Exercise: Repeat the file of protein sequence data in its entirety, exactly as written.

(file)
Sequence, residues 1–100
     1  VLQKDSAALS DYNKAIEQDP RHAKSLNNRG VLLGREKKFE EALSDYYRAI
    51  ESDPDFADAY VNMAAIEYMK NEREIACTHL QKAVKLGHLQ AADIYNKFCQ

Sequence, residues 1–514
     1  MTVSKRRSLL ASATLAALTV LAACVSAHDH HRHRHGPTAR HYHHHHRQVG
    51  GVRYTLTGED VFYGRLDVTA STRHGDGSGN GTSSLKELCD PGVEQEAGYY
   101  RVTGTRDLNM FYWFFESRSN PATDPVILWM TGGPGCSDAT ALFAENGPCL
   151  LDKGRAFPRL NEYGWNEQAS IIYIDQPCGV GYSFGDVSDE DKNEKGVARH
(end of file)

Sequence, residues 1–100
     1  VLQKDSAALS DYNKAIEQDP RHAKSLNNRG VLLGREKKFE EALSDYYRAI
    51  ESDPDFADAY VNMAAIEYMK NEREIACTHL QKAVKLGHLQ AADIYNKFCQ

Sequence, residues 1–514
     1  MTVSKRRSLL ASATLAALTV LAACVSAHDH HRHRHGPTAR HYHHHHRQVG
    51  GVRYTLTGED VFYGRLDVTA STRHGDGSGN GTSSLKELCD PGVEQEAGYY
   101  RVTGTRDLNM FYWFFESRSN PATDPVILWM TGGPGCSDAT ALFAENGPCL
   151  LDKGRAFPRL NEYGWNEQAS IIYIDQPCGV GYSFGDVSDE DKNEKGVARH